It never ceases to amaze me how relentlessly the American Medical Association—and, earlier and perhaps today, the Canadian Medical Association—seems to me to oppose, as a group, the idea of a medical care system whose two main conditions are high quality care and care that actually reaches all (or nearly all) people. Yes, even so-called poor people. Even if Medicare-type delivery is cheaper, which it has proven to be, using the cost of the American system as an example—a system that still leaves 47 million people uninsured.

Coming from a family with two doctors therein, I never would have instinctively guessed such an inegalitarian stance to be the instinct of an Association led by doctors (and their rich friends). How naive, evidently.

Some of the early opposition to so-called universal health care was simply racist: for example, the fear of allowing blacks to be treated in the same hospitals as white, let alone with the same care. Indeed, I am sure the question for many was also: why treat them at all?

But check this out, to get a very slight taste of history. In 1961, the AMA created, believe it or not, a program called Operation Coffee Cup. Part of the program was to have doctors’ wives (called the “Women’s Auxiliary”) gather over coffee, with others, to convince said gatherers to write letters to Congress, and on and on.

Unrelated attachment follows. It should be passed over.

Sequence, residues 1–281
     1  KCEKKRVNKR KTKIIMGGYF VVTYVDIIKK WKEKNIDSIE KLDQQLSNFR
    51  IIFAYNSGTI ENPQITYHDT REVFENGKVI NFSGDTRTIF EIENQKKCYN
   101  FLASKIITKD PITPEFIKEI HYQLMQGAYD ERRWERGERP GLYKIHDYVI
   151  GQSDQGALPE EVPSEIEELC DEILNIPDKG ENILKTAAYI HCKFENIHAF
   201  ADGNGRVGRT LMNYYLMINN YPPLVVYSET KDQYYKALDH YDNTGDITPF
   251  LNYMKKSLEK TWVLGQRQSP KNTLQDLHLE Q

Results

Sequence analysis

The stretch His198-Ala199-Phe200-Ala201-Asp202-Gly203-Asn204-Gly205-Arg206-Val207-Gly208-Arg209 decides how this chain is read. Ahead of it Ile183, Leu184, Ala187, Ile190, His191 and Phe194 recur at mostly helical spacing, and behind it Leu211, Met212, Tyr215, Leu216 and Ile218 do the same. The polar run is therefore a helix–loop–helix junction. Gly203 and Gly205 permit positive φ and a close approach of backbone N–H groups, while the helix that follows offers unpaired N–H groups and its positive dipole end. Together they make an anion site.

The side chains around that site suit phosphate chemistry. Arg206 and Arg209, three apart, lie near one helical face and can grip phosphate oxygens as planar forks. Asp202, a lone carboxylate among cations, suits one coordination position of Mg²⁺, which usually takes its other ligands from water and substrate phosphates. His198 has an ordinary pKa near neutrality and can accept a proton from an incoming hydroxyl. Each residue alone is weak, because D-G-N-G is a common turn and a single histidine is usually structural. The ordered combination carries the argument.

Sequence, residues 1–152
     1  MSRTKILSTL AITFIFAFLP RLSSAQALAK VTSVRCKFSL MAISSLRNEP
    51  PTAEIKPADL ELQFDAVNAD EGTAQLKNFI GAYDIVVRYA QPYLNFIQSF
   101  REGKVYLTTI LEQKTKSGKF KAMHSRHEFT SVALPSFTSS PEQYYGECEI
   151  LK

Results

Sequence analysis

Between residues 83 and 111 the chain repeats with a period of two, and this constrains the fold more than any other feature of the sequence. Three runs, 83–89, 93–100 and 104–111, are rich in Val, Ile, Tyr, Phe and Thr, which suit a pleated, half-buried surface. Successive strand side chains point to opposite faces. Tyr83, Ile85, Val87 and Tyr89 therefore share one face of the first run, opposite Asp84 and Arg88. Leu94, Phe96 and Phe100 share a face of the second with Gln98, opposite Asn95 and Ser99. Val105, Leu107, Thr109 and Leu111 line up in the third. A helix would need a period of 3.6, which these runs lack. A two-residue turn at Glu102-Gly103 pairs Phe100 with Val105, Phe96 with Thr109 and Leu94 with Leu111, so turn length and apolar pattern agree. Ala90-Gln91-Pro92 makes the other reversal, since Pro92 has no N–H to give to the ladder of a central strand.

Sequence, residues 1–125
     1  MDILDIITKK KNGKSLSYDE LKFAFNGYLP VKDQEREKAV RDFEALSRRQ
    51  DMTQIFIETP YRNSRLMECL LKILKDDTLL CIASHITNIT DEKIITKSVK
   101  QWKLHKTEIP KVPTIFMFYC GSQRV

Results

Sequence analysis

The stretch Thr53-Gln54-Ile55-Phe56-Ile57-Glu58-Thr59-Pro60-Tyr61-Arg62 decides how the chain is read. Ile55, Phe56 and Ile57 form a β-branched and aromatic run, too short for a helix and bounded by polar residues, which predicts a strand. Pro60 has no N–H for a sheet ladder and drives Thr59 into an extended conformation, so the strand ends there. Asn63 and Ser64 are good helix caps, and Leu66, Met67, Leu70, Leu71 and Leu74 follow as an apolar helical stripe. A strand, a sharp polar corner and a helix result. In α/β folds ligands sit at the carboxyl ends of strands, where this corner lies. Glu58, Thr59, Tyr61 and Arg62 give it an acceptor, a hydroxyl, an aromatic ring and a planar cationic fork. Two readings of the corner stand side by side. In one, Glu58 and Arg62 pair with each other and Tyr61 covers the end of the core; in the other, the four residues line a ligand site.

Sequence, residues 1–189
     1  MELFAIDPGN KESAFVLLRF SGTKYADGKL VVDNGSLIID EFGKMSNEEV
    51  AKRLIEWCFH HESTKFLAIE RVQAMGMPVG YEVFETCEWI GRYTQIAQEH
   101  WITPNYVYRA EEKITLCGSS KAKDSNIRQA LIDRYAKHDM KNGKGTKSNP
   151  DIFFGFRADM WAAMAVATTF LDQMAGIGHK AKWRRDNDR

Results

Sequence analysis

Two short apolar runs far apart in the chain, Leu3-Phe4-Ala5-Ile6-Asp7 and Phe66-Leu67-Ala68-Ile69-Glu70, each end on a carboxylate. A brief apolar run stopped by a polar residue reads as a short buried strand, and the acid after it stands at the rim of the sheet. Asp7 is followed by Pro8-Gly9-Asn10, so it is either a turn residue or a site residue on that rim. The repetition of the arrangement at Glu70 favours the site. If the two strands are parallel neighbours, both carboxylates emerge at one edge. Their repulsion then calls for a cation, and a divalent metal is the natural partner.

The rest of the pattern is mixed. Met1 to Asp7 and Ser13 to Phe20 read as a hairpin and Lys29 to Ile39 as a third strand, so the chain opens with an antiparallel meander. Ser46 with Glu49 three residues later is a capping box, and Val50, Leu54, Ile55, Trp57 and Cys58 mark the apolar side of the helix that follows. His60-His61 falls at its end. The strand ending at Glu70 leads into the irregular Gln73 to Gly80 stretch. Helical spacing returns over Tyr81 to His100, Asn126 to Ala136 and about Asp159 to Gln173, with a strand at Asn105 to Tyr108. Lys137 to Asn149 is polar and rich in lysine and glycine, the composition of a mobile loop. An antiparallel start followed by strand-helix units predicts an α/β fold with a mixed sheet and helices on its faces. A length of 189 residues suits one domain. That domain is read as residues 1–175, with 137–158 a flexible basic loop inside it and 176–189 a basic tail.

About what?

Well, the goal of Operation Coffee Cup was, in short, to oppose health insurance for the elderly. More specifically, the expansion of Social Security to include health insurance for the elderly. This, of course, wreaked of socialism (which already wreaked enough). This communism-infected Health insurance ideology for the elderly, by the way, would later become known as Medicare.

At these meetings, doctors’ wives would play an LP album called Ronald Reagan Speaks Out Against Socialized Medicine. At this point, I believe President Reagan was still just a pretty poor actor.

The three parts are here. One, two and three.

I wish human nature was different, and greed and domination wouldn’t overtake any blanket ideology—because blanket ideologies are used for exploitation—but they do. In a way, isn’t it oppressive at least to a degree to make a person live under any system he or she doesn’t wish to live under? We are distinct individuals after all.

Lots of love and health,

Pete xo

PS This just in! Although historically the AMA and CMA have often been against universal health care, I just read this on the Democracy Now site:
Isabel MacDonald [of FAIR]:

“Fifty-nine percent of Americans and 59 percent of physicians support a Medicare for All-type program, or single payer [I'm not sure if that currently means the AMA]. ABC [Television Network] has not had a single advocate of that system on air this year [I wonder if ABC's friends are Health Insurance companies or coalitions of, say, poor people in New Orleans]. So we’re delivering a petition to both ABC and we’re also sending a message to the other TV networks, demanding that they cover single-payer healthcare and stop silencing single-payer advocates.”


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